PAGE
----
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Video Editing

A LibGuide on how to use iMovie to create your own videos

Additional Resources

How to Edit Any Video in iMovie on Your Mac: An article on the overall process of making a movie

How to Make a Movie on with iMovie on iPhone or iPad: Instructions on making a movie on iPhone or iPad

iMovie for Mac Audio Tips and Tricks: An 11 minute YouTube video going over editing audio and a few other editing tips.

iMovie for Mac: How to use the Clip Trimmer for Pro Editing: A 10 minute YouTube video for editing clips. Highly recommended to watch

How to edit, trim and adjust audio clips in iMovie: An article on editing audio clips in iMovie


iMovie comes with all Macs by default, and is currently one of the most popular video editing software in the market. It is far from the most advanced, but iMovie is fairly easy to use, making it ideal for beginners as it can be used for school assignments and even for YouTube videos.

iMovie unfortunately does not come with Windows, so if you intend on using a computer on campus and want to use iMovie, make sure you are using a Mac. There are alternatives to iMovie, some of which can be found at this link here as well as here. Some of the principles in this guide might be able to be applied to other software, though it is still recommended to look at guides and/or experiment to determine how many of the settings and options are the same as portrayed in this guide.

Setting Up

When you open up iMovie, you have the option to either open up a previous project or a new project. Select "create new" and you can either make a movie or a trailer. Most projects will focus on movies, though trailers can be fun too.

When you select "movie," you will be met by a screen with three main parts. The upper left corner contains the clips, photos, audio, and resources imported into iMovie that you can use in making your movie. The upper right corner is the program monitor that contains a screen that displays your movie as well as several editing option. The bottom half is the timeline, where the clips and audio you are using is displayed and is also where you can edit your clips and audio too.

The iMovie Interface

Setting up the movie is the easy part so long as you have all the clips, audio, and other files you want to use. All you have to do is drag them to the timeline and put them in order.

iMovie does have the option to record additional audio with a mic option below the movie display in the upper right corner. Make sure you select the part where you want to begin recording as the icon won't appear until you do so.

Make sure everything you use that you didn't create is attributed properly!

Editing Specific Clips

There is a lot to discuss when it comes to editing.

  • Starting with the timeline, you can shorten clips by grabbing one of the ends towards the other.
  • If you go too far, you can use the "undo" command to undo the action.
  • You can also split the clip by right-clicking and selecting "split clip," allowing you to move the individual pieces around or delete the piece you do not want.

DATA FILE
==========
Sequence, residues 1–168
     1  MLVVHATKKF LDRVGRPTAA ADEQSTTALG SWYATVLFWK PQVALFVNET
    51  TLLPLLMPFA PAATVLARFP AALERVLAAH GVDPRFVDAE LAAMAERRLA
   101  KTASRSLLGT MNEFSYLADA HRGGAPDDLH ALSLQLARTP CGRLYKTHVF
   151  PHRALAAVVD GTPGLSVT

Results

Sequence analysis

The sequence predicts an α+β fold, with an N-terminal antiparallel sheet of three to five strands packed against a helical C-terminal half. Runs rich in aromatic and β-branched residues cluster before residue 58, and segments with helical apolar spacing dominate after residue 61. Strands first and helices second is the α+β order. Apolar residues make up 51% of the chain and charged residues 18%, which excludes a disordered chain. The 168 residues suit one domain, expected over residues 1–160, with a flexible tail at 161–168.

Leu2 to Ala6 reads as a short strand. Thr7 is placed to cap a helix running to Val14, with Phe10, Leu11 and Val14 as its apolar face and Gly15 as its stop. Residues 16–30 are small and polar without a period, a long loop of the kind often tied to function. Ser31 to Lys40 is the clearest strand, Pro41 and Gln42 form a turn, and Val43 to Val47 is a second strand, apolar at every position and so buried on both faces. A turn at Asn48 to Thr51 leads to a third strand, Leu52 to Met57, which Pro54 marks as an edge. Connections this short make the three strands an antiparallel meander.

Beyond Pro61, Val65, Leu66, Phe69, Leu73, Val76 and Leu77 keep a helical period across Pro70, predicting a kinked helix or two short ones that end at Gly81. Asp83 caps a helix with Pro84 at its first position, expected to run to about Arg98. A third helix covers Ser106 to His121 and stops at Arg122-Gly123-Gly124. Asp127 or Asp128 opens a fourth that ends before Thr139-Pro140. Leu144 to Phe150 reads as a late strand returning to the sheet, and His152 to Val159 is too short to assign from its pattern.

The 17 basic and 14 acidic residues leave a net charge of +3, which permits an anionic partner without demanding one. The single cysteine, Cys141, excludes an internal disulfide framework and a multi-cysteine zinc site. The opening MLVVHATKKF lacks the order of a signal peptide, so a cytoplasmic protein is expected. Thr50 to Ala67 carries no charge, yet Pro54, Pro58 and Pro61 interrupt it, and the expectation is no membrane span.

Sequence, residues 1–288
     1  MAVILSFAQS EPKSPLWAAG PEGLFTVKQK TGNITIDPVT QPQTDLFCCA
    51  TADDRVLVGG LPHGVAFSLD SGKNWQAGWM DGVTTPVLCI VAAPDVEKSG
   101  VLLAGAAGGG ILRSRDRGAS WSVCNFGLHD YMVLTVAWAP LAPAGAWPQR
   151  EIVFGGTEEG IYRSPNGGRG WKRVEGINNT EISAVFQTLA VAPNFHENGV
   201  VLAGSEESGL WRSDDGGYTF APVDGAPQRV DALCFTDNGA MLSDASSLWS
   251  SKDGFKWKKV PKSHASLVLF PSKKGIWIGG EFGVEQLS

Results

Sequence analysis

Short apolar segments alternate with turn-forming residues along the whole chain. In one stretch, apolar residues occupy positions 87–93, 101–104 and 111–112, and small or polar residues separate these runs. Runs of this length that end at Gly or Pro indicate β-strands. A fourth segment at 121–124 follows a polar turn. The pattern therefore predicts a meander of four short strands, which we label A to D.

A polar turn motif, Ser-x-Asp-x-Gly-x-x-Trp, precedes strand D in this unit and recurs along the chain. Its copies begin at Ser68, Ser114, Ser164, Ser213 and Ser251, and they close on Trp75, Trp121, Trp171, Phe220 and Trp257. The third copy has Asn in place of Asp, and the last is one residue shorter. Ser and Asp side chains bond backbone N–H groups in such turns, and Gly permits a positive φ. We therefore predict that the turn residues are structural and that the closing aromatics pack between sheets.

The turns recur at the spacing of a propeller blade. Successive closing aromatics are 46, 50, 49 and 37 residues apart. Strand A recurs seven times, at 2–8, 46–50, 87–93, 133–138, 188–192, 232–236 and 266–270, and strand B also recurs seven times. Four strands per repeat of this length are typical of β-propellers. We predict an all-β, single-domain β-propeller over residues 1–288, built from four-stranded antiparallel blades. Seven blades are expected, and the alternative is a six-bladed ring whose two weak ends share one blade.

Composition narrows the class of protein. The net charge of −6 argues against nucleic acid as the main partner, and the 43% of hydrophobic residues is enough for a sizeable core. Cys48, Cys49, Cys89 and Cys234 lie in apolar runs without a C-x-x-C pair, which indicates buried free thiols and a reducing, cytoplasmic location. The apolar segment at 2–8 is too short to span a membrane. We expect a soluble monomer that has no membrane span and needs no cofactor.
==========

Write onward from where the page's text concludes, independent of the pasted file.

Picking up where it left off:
• Other ways of modifying clips is the "trim to playhead" command which times a clip to to where you have the playhead placed in the timeline. 
  • You can also select the clip itself and then go to "clip information" in the upper right corner to alter the duration, but it can be difficult to visualize. 
  • For more precise edits, you can use the "clip trimmer" by right clicking on the clip and selecting the option. This allows you to edit the length of the clips without worrying about having to use the undo command, but make sure you close out when you are finished editing. 

Using the "clip trimmer" command on an audio clip

After selecting a clip you will see a preview of the clip along with some editing tools in the upper right portion of the window. 

  • The first tool is "color balance" which allows you to adjust the color values of your selection. Normally, "auto" will be enough, but there are three other options available for additional adjustment. "Match color" allows you to adjust the values to match another frame in the video. "White balance" and "skin tone balance" adjust the color of your footage depending on what on the frame you define as “white” or “skin tone”

Editing Screen - Start    Using the color balance option

  • The next option is "color correction." This allows you to adjust colors more specifically. The first (blue) bar adjusts the shadows. The second (rainbow) bar adjusts the saturation of the colors. The final (yellow/blue) bar adjusts how warm or cool the colors appear.

Color Correction default    Increasing the shadows

Increasing the color saturation    Making the colors "warmer"

  • iMovie Upper-Right InterfaceThe third option is "cropping", with the options of "fit," "crop to fill," and "Ken Burns effect." Fit essentially is the default, where the frame embodies the entire clip as filmed. "Crop to fill" allows you to control how much of the image you want in the frame while the "Ken Burns effect" introduces a slow zoom-in (or zoom-out if you want to do it in reverse). There are also options to rotate the image, as well as reverse the start/stop point for the Ken Burns Effect zooms.